Stronger products such as load baring ropes and clothes are made from Polypropalene this form of plastic being manufactured from individual fibres (left hand rope), the strands of which are at the centre of the stations research, filaments are now being recorded in a host of marine organisms including fish, crustaceans such as the Nephrops (pictured here) and most disturbingly in organisms as small as sand-hoppers.


 As sand-hoppers are food for so many birds feeding on our beaches I hope in someway to highlight this fact in my work . We then discussed the ways of capturing and keeping sand-hoppers alive in tanks for a display illuminating the issue of ingestion of fibres and the existence of plastic in the food chain. Dr Cowie pointed out that it’s difficult to be able to extrapolate and project the significance of their findings without continued and wider research into feeding habits of fish and other marine organisms.

Unfortunately this though will not now be continuing on at the station.

P.S By the end of the day I had been able to work on microscope techniques, build up my knowledge regards  identification of different types of plastics and the possible sources/origins of them. I was able to discuss the implications of the different            materials to marine organisms and  broaden my understanding of the proposedresponses to managing beach litter.The Station was an appropriate place for me to build  my marine education essential  for my littoral project as it was founded in 1885 on the ‘Ark’ a boat fitted out as a laboratory and  run by the islands naturalist Dr D Robertson and was visited by distinguished scientists  and inspired hundreds of amateur naturalists like myself.

I would like to thank Dr Cowie for his enthusiastic support for my project, wish him and the research team luck and success in carrying their research on in the future and to encourage  anyone who has the opportunity to visit the station.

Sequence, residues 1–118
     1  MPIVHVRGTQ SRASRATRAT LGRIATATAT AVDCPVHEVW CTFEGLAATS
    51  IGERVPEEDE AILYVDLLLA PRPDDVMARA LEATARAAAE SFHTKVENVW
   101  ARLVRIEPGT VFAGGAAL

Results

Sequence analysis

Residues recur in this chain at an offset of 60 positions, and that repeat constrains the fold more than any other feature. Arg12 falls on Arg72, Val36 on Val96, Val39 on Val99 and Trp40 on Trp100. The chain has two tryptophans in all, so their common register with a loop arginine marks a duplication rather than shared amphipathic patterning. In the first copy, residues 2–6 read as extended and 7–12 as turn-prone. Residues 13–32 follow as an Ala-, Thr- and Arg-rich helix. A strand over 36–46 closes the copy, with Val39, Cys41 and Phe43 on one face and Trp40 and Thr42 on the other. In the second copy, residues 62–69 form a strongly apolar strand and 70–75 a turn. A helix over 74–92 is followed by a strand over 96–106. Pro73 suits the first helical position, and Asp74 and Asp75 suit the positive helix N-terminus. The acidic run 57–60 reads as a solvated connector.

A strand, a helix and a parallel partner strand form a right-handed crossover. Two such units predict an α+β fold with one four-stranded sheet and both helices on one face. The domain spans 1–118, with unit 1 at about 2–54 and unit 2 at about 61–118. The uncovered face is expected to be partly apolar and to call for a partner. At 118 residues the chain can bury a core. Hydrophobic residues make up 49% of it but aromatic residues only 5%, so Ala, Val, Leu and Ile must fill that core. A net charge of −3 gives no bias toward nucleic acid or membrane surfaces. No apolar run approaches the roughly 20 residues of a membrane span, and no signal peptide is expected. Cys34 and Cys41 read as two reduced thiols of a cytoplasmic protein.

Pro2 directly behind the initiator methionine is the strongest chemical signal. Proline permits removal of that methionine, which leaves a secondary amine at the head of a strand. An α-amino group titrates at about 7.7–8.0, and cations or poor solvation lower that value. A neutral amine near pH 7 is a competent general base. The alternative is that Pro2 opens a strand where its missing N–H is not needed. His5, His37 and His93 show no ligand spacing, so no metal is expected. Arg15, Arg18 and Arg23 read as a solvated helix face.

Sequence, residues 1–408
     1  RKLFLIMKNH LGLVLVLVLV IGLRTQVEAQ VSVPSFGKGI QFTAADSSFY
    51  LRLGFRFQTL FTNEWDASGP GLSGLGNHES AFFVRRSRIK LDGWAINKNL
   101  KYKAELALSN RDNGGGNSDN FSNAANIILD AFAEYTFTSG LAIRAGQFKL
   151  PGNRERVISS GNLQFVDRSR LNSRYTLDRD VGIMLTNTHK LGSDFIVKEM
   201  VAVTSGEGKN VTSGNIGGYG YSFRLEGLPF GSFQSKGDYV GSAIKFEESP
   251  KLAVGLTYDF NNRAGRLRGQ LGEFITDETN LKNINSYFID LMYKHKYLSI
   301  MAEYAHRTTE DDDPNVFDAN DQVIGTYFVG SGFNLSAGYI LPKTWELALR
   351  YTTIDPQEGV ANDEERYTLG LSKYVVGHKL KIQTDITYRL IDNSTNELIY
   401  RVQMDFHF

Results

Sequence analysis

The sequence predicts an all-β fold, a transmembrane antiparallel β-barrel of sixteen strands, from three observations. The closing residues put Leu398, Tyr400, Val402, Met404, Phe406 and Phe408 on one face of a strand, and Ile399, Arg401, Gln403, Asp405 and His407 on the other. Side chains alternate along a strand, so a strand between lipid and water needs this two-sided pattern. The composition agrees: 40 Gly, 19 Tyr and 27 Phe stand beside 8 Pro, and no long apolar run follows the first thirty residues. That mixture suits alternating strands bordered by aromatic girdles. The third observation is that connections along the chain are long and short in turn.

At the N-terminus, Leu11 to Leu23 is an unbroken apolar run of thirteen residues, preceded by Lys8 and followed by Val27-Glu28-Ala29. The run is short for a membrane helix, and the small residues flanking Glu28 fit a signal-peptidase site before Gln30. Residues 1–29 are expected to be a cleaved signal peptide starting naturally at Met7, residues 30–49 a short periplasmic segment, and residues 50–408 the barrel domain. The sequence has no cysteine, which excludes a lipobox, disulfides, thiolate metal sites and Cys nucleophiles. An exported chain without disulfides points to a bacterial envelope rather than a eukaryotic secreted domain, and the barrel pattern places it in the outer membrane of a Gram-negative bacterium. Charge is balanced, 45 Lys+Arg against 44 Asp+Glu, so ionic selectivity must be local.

littoral: beginnings

This blog is my way of recording the ideas, process and outcomes of my art-science project littoral, in which I will be examining and mapping beach litter with students and volunteers in coastal communities.  I welcome everyone who reads the blog to comment on what is posted adding their own experiences of beach litter and beaches to investigate in future with the hope that everyone who becomes involved will send images and information to add to the site.

littoral.sci-art project

The aim of the littoral project is to increase litter awareness and highlight its impact on the coastal and inland marine environment. The project title comes from littoral zone, the area between the low and high tide water marks this is where I will be looking for litter.

I will be mapping my findings and making artworks that encourage us to think about the issues and encourage people to help clean and take care of our marine environment.

“This project is my response to my fear of drowning in litter which I am increasingly experiencing when visiting beaches around our coast. High-tide lines are often marked not by seaweed but by a tangle of man-made materials dropped or washed up. Even on beaches which look clean, if you look closely between the stones or grains of sand we find cigarette ends, plastic pellets and fibres”.